Joseph Childers, James Leroy,
Lawrence Clay Clark, Jr.. Billy
Carroll Cothran, Henry Rhine
hart, Leonard Burnette Messer,
and Thomas Allen Noland.
One other man was classified
The draft hoard will meet again
at 9:30 a.m. March 23.
Main Street Traffic
Check Under Way Here
A check of traffic on Waynes
vllle's Main Street is now being
conducted by the State Highway
Department by means of automatic
counters that register whenever a
car is driven over a rubber line
stretched over the street.
| Such traffic cheeks are conducted
periodically by highway olTii i.ils. 1
' i / '
22 Haywood Men
Are Inducted Into
Twenty-two Haywood County
men left here Tuesday morning
for Knoxville to be inducted into
the armed forces. They were:
William Lee Wood of Waynes
ville, C'assius Green of Waynes
ville. Gerald Francis Turner of
Waynesvillc. Itobert Lee Hembree
of Allen's Creek, Doye Queen of
Sulphur Springs Rd., Waynesville,
Jaynes Riley Medford of Lake
Junaluska. Maynard Devane -Dixon
of Henson Cove: Robert Bryson
Boyd of Cove Creek, Robert Ed
gar Frady of Allen's Creek, Nor
man Roland Reagan of Hazelwood,
Carroll Edwin Smith of Crabtree.
Erwin McLaughlin Burgin of Way
nesville. Lynden Andrew McCrack
en of Upper Crabtree, Jess C. Han
ey. Jr., of Waynesville, Joseph
Ralph Ferguson of Crabtree. Keith
D. Smathers of Canton, Route 2.
Harley Rhodes, Jr., of Canton;
Frank Edwin Chambers of Crab
tree, Richard Taylor Medford of
Jonathan Creek, Charles Dean
Medford of Iron Duff, Andrew
Jackson Browning of Hazelwood.
and L. E. Henson of Canton. Route
Bound Over On
After a hearing before Justice of
the Peace J. J. Ferguson this
morning .William J. Cutshaw of
Gastonia was bound over to the
July term of Superior Court on a
charge of stealing a pistol. Bond
was set at $500.
Sheriff Fred Campbell said that
Cutshaw is accused of taking a pis
tol from the home of his cousin.
Mrs. Thelma Robinson.
After leaving here, Cutshaw
started hitchhiking eastward, but
was picked up near Shelby by
state highway patrolmen who were
asked by authorities here by radio
to be on the watch for the youth.
He was returned here by Sheriff
Campbell and Patrol Cpl. Pritch
i Dr. Charles W. Bagley. a dentist
[ from the Division of Oral Hygiene,
State Board of Health, began a 20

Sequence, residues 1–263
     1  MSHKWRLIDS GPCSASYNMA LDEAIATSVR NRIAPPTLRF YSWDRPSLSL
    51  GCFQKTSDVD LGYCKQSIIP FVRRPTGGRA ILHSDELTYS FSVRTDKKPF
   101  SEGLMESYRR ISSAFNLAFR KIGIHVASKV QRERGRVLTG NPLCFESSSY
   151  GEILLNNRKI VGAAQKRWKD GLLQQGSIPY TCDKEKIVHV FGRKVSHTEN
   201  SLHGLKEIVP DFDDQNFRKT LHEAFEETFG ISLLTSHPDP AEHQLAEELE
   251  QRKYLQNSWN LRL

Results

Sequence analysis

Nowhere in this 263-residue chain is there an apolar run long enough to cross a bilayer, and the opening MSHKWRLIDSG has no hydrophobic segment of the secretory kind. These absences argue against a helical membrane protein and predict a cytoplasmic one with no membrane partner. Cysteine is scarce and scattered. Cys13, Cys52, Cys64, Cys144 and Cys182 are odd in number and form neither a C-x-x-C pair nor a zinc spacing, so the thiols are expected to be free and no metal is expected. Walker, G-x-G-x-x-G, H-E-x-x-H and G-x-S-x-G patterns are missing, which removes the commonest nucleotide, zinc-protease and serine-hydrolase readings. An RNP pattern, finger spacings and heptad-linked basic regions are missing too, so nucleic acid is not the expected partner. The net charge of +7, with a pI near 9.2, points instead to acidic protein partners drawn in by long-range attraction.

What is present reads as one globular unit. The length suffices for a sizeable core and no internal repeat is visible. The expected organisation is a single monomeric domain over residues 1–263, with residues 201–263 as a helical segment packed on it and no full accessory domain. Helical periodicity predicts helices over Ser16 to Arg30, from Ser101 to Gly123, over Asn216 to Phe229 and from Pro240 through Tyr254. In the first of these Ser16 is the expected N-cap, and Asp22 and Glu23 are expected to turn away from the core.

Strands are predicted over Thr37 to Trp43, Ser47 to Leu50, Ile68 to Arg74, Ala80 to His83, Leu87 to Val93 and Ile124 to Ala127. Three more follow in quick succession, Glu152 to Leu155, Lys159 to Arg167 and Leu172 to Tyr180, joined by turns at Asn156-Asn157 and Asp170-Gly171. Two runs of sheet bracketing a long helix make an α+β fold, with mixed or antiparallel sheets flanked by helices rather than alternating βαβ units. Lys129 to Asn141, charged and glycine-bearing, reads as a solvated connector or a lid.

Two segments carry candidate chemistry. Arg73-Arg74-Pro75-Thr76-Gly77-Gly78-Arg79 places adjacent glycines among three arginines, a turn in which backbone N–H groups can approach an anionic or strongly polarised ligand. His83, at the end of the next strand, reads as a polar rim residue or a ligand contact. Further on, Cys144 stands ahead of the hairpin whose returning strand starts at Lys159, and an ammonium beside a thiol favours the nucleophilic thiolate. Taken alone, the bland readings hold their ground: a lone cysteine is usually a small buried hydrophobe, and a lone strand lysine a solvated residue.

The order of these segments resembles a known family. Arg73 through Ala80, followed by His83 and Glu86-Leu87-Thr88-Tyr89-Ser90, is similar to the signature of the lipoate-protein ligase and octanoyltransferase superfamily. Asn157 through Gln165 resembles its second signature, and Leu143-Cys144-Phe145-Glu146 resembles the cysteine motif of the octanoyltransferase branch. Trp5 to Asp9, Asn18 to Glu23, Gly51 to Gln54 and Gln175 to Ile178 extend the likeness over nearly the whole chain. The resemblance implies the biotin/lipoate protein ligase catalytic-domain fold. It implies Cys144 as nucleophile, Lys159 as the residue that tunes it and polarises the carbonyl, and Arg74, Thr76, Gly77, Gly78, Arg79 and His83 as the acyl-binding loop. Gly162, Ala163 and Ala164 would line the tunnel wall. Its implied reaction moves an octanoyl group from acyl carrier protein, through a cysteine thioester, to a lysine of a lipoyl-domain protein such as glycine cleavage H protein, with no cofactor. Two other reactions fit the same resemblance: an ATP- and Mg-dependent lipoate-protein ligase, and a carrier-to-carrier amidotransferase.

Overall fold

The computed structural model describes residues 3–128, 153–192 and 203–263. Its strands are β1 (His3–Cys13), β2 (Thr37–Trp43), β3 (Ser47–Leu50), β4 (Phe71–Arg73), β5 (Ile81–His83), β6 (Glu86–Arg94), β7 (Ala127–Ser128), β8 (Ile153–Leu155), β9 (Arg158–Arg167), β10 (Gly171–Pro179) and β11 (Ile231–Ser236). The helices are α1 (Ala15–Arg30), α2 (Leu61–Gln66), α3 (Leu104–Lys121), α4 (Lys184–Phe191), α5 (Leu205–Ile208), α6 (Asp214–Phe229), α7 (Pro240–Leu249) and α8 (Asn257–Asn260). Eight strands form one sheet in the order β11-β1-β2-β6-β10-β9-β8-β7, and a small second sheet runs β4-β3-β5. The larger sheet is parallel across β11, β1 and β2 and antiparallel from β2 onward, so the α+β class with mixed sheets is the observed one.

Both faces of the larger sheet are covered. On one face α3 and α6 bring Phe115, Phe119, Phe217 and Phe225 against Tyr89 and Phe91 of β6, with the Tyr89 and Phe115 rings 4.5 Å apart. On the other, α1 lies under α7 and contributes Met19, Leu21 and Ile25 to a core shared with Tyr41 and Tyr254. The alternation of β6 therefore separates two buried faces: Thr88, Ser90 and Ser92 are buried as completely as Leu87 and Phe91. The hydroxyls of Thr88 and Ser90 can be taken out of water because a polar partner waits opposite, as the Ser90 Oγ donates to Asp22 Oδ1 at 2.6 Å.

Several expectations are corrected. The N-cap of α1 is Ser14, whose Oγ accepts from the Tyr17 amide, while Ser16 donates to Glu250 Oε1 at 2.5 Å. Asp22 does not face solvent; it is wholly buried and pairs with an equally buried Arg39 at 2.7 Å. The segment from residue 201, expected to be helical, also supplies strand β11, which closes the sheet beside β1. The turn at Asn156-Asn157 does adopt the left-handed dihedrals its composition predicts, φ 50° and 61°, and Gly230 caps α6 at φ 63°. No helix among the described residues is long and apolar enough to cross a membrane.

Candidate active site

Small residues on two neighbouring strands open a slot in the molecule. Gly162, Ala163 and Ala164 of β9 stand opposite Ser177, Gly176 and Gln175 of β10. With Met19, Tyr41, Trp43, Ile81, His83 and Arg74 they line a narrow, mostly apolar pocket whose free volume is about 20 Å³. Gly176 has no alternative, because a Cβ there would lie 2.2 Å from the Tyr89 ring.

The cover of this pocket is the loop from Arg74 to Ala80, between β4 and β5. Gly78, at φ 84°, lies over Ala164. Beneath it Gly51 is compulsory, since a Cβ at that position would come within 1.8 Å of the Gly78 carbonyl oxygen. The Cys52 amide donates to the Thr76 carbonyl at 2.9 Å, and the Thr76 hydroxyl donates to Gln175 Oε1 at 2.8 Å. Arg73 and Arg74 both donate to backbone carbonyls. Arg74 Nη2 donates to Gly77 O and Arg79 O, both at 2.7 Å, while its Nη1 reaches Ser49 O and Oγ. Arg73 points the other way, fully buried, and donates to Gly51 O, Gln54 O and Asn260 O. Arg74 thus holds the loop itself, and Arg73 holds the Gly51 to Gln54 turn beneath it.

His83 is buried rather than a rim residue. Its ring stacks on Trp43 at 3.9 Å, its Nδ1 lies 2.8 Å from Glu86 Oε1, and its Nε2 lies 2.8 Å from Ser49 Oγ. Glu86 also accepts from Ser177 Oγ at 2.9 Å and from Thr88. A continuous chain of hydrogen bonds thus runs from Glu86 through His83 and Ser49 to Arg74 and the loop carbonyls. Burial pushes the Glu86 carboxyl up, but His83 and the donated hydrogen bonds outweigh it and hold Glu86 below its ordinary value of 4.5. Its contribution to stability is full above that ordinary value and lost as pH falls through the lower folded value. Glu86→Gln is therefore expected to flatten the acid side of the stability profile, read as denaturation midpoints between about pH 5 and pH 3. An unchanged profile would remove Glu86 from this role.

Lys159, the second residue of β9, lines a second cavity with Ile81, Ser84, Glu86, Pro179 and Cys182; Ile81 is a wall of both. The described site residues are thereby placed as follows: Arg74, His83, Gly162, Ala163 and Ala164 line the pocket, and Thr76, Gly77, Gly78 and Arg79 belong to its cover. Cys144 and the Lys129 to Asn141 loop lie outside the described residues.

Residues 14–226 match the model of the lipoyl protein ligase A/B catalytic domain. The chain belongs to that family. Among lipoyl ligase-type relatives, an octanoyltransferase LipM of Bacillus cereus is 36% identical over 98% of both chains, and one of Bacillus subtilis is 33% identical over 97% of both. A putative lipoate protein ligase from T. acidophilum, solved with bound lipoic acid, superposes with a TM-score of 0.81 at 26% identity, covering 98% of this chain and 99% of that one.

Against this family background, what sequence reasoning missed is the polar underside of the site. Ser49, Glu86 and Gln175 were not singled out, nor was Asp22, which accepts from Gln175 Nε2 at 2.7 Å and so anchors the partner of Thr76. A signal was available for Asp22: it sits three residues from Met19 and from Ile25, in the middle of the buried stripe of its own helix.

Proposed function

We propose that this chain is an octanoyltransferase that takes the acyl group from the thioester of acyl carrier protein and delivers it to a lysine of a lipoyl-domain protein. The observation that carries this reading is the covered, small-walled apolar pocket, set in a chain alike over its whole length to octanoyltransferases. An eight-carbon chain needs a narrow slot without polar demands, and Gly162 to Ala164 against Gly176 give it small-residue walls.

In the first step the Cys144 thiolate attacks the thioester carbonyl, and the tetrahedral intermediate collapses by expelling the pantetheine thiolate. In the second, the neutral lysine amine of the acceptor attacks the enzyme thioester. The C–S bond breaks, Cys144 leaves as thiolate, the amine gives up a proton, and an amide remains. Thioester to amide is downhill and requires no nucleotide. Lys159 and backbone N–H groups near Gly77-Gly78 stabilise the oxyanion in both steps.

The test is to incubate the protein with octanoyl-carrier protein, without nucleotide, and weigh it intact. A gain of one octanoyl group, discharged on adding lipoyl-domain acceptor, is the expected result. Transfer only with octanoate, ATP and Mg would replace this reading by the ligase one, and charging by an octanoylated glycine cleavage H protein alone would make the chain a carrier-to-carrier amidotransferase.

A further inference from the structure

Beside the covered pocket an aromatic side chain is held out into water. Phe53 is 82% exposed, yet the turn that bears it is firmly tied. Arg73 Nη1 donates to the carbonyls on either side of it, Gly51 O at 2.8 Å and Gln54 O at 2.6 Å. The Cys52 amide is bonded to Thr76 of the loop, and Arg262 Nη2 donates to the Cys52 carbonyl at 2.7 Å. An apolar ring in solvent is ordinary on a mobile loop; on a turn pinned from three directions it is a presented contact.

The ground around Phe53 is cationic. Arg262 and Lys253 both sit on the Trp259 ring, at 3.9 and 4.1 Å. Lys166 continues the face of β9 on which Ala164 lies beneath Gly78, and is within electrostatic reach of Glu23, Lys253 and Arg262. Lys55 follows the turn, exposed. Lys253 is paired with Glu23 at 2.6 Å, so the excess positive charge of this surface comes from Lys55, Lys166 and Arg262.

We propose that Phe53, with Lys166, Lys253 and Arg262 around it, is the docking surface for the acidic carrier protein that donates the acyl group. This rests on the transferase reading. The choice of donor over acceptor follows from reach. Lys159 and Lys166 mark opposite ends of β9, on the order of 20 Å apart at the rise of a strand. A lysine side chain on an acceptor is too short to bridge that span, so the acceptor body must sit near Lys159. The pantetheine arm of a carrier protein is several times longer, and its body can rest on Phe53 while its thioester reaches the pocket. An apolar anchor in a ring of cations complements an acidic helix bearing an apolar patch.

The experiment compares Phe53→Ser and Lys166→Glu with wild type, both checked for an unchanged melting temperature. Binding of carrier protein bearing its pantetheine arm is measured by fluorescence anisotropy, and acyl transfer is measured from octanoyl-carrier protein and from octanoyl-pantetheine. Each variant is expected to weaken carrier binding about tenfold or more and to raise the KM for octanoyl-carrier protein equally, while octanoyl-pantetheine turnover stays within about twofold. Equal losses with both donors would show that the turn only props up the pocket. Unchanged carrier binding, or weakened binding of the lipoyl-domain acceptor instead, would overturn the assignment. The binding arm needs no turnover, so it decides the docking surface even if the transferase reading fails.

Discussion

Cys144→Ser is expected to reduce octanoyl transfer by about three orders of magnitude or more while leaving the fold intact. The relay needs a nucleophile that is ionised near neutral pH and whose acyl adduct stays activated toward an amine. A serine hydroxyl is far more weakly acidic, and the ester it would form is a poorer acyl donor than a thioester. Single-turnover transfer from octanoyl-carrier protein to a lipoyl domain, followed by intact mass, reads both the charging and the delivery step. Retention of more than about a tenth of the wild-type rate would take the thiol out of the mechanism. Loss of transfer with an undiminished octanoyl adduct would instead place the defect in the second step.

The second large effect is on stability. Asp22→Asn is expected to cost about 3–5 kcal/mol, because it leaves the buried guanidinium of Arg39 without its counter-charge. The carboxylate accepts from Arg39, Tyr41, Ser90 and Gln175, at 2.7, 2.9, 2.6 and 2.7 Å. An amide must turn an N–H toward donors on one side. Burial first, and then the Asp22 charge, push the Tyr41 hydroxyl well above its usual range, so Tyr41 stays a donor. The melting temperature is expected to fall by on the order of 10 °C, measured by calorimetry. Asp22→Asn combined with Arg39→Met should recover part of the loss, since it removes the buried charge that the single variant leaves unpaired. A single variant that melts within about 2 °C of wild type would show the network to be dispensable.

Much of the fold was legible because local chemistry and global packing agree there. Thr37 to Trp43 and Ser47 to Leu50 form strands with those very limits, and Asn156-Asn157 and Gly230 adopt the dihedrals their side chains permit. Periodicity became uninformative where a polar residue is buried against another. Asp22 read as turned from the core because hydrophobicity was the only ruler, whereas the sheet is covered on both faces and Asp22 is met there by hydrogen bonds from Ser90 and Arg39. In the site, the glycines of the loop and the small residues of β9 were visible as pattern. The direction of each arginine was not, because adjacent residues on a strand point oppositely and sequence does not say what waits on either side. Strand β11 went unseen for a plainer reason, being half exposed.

week program of. dental correction
[work and education in Haywood
Countv this week.
Working in cooperation with the
Haywood County Health Depart
ment. Dr. Bagley will spend ap
proximately several days in each
] of the county's schools in giving
i talks on oral hygiene and making
examinations of students' teeth.
The doctor will examine all stu
dents and do some corrective work
on the teeth of underprivileged
children. Those whose parents can
pay to have work done will be re
ferred to their family dentists*
One of Dr. Bagley's most effec
tive "props" in his program of
dental education is a large pair
of plastic teeth and an oversized
toothbrush, which he uses to in
struct students on proper methods
of brushing their teeth.
A native of Lewisburg. Tenn ,
and a 1953 graduate of the L'ni
(See Slate Dentist?Page 6>
Of His Plans
Harry K. Buchanan, highway j
commissioner of the Fourteenth
district, told The Mountaineer in
a letter yesterday that, "1 hope,
if funds are available, to let a con
tract for another link of the Pi
geon River Road in 1955."
Ttie statement was part of a
letter from the highway official. ,
in reply to an editorial published
in this newspaper, February 22nd.
on the Pigeon River Road.
The commissioner said: "The
(highway > engineers have advised
me that it is not feasible or prac
ticable to let the contract for an- j
other link of the Pigeon River I
Road until the present contract is
completed, which will be sometime |
in 1955 "
Commissioner Buchanan, also !
said: "I realize that this (Pigeon
River road i is not simply a county
road, but that it is an important j
interstate road, however, as I have I
previously stated, this road is not j
eligible for federal aid funds." He